After I graduated from law school, if you would have said, “In ten years you’re going to be in this space,” I would have not believed you. I can now look back and have that conversation about: How did you get to that space? Where you started was discouraging. How were you able to do that? I think I can look back and offer that advice or that encouragement to others with that tenured look.
VW: What advice would you give to a young attorney who is trying to navigate their career path?
DWB: Don’t forget your peer network. That’s probably your strongest network that you have. It doesn’t matter what law school you went to. Reach out to them first because that might be the most comfortable networking space. Think about the people who are just in your peer group or just slightly ahead.
Mentorship doesn’t have to be formal, and it doesn’t have to be a conversation that you have with one person every two weeks. As a working mother and wife, if you’re keeping up with me on an annual basis, I consider that consistent.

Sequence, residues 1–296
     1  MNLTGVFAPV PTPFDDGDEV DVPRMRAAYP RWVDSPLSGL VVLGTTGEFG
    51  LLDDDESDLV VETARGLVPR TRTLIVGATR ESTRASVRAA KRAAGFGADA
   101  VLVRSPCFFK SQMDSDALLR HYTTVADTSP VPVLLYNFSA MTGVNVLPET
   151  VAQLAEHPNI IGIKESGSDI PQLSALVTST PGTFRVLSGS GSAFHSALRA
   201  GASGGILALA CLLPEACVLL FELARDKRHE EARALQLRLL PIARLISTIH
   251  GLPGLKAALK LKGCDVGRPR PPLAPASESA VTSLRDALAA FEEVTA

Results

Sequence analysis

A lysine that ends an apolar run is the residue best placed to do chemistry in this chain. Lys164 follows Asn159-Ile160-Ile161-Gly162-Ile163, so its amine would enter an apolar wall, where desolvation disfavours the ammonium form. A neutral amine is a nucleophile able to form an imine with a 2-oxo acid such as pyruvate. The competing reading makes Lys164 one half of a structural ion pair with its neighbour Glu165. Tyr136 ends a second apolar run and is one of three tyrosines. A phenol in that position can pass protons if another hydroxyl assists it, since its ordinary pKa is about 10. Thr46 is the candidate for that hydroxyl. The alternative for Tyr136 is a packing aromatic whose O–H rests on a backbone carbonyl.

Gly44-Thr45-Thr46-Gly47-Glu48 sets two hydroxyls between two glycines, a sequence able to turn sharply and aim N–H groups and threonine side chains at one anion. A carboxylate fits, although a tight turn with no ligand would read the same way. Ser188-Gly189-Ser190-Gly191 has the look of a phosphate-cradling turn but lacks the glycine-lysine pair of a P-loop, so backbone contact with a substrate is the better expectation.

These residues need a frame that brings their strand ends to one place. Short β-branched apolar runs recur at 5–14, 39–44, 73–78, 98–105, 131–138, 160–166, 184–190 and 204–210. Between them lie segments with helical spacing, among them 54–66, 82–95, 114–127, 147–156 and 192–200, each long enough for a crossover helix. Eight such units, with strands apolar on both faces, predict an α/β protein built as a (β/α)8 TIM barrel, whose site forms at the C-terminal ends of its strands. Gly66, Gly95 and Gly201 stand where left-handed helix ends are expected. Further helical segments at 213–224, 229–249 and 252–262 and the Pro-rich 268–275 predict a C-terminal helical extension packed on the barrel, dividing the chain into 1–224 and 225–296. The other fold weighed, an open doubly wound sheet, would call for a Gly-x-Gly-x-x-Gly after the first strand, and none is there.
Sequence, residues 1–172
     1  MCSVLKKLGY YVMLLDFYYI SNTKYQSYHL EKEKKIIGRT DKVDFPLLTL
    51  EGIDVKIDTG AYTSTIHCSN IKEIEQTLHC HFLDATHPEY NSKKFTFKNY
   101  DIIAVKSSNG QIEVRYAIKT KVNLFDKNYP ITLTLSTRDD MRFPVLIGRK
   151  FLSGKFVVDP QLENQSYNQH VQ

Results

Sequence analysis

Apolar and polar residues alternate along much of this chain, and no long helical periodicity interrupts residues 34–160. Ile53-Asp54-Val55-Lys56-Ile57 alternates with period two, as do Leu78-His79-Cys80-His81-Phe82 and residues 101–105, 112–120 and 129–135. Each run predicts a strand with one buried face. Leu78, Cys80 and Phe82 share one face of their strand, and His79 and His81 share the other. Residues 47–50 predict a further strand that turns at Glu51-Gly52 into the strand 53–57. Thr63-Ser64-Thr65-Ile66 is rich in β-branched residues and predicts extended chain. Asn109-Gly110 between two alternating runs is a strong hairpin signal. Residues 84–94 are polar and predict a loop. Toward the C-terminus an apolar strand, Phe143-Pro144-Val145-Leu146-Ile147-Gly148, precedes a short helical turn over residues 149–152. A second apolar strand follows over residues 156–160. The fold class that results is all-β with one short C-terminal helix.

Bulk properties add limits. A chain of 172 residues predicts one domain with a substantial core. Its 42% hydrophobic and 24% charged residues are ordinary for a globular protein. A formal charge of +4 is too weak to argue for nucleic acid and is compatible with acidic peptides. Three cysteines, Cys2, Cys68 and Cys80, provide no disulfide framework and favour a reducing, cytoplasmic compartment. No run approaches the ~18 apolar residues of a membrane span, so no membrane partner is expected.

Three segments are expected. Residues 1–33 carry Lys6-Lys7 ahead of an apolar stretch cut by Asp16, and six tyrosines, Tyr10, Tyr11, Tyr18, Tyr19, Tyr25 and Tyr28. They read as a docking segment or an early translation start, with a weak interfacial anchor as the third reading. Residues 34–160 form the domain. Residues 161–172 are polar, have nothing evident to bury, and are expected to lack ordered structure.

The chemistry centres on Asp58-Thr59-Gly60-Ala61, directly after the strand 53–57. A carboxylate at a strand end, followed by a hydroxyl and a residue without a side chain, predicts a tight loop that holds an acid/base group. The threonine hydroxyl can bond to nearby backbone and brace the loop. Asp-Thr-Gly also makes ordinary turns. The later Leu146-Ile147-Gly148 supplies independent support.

Find your personal mission. Have that carry you through the decisions that you make with your career. Be comfortable with those decisions. The position may not be the one that is going to get you the most money immediately. It might scare you because you have student loans to pay. It might scare you because the field itself is narrow. You don’t want to be unemployed or you’re trying to reach this level of success as soon as possible. Just know that you’re going to be ultimately happier if you’re able to live your personal mission. If you keep moving forward with a personal mission, you’re going to get to a place that you never dreamed you would get.
I can’t thank Damika enough for this wonderful insight into her experiences in the healthcare technology space. Her journey is truly inspiring. Would you ever consider a role in healthcare technology? Let me know your thoughts.
photo: Courtesy of Damika W. Barr